Opinion

A nighttime outing reveals the wonder of life along Vashon’s shores

For nearly a year now, an organized group of dedicated volunteers has haunted the beaches of Vashon, peering at the undersides of stones, gently searching among blades of eelgrass and walking carefully across beds of bivalves — all in the hope of finding beautiful wildlife many of us so frequently overlook.

Our group comes from all walks of Vashon, with the shared goal of educating ourselves and others about the diverse communities on our beaches. We hope to not just raise awareness of names and habitat, but also to inspire conservation by providing a meaningful context with which to interact with the natural world. We call ourselves the Vashon Beach Naturalists, and you can meet us this Saturday at Tramp Harbor, where we will introduce you to some interesting intertidal creatures, and you can see firsthand how the beach comes alive at night.

Nighttime is a fantastic time to visit beach residents, some of whom are more active under the cover of darkness. Some sea stars, polychaete worms, chitons, iso-pods (think pill bug) and octopuses are found to move around the beach more in the dark hours than the light. Many other animals choose to mate and spawn in the night, when their predators may pose less of a risk. For example, on a nighttime beach walk two years ago, visitors to Tramp Harbor found mating kelp crab and many dogwinkle eggs coating the beach.

This year we hope our December beach walk will again allow us to observe the dogwinkles’ winter laying of incredible numbers of yellow egg cases that can cover large rocks, flotsam and just about anything else too big to get carried away with the tide. The term “sea oats” is used to describe the “fields” of these yellow oblong egg cases, which contain two to six dozen eggs each.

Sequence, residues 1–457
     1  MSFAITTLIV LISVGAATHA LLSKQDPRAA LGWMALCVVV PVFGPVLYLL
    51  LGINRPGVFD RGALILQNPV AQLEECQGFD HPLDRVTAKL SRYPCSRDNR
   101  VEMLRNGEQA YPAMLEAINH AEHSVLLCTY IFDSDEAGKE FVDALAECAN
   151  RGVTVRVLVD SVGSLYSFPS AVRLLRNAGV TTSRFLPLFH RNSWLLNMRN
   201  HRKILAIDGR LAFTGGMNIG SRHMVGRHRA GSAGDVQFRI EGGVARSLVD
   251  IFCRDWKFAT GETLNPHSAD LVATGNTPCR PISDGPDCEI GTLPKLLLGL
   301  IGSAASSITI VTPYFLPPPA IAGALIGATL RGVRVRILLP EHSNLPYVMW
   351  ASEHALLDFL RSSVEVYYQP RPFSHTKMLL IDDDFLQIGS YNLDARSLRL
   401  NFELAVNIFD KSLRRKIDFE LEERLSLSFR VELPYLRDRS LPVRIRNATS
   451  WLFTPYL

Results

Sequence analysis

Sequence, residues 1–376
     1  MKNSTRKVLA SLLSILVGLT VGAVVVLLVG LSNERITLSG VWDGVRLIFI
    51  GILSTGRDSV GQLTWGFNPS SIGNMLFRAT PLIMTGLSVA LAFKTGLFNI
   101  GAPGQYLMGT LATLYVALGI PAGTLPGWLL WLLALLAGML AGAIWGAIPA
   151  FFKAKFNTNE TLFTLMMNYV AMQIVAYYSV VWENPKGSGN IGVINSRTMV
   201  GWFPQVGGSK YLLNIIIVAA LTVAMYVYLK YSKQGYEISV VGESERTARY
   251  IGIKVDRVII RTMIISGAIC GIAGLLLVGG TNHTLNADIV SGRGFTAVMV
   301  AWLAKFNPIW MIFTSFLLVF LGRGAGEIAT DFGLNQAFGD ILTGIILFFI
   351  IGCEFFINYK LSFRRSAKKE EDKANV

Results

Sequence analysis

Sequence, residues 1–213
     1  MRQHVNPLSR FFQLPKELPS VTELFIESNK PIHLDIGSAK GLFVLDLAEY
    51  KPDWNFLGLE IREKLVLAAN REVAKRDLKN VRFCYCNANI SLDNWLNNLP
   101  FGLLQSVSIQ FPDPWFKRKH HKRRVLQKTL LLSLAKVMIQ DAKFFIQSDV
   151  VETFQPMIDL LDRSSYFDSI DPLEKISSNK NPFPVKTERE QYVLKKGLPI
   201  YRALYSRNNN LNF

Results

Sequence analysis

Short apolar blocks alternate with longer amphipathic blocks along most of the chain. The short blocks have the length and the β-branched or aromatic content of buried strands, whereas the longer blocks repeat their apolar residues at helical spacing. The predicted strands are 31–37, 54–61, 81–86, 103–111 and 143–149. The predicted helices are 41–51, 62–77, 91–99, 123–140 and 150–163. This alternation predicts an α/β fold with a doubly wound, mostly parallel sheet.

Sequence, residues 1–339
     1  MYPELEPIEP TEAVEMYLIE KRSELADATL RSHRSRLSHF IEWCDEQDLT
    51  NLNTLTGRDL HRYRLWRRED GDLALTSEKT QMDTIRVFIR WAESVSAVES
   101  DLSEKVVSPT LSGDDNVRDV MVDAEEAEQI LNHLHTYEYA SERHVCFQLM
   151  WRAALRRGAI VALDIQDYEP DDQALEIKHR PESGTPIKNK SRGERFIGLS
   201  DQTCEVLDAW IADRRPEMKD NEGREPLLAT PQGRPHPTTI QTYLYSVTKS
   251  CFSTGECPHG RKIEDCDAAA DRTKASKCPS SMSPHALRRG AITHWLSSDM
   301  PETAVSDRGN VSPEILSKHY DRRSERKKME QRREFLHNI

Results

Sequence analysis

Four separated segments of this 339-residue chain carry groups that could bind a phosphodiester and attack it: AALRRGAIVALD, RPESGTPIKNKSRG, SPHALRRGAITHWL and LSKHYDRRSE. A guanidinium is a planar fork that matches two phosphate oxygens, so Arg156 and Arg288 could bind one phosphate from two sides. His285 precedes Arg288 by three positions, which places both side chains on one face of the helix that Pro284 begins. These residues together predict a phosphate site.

Dogwinkles, sometimes known as whelks, are a carnivorous sea snail in the class Gastropoda, the largest class of mollusks, which also includes limpets and abalone. All gastropods have a single shell, move around on a “foot” and have a multiple-toothed scraping radula used for eating.

The dogwhelk, or frilled dogwinkle, Nucella lamellosa, is one of the most common whelks in Puget Sound. They can be found as far-flung as the Aleutian Islands to California, and individual appearances of this species can be so highly variable they fool collectors. From white to brown, orange and even purple, the frilled dogwinkle’s shell isn’t even necessarily frilled. Typically, Vashon’s beaches host smooth-shelled specimens, but people have found beautifully frilled orange and white shells.

We might even get to see some frilled dogwinkles feeding on their preferred diet of acorn barnacles and mussels. They spend one to two days drilling a hole in their prey’s shell with their file-tooth radula, and once they gain access to the soft flesh inside, they use their radula to scrape out their meal. In turn, the frilled dogwinkle’s rank in the marine food web is to serve as food for certain species of crab and star fish.

As part of a larger ecological picture, these carnivorous snails remind us of how interconnected our native creatures are with each other and their physical surroundings. We would do well to remember that as island citizens, we are their neighbors, and our actions are also interconnected with their livelihoods.

— Adria Pontious is a biologist, teacher and nature photographer, as well as a Vashon Beach Naturalist.

If you’d like to meet a frilled dogwinkle or other intertidal critters, including members of the Vashon Beach Naturalists, come to the nighttime beach walk at Tramp Harbor beach from 8 to 10 p.m. Saturday, Dec. 4, when there’s a low tide of –2.7 feet at 9:44 p.m. We will begin near the old dock pilings, where there’s parking between Ellisport and S.W. 204th St. Wear wading boots, bring a flashlight or headlamp and prepare for an evening of family-oriented fun.

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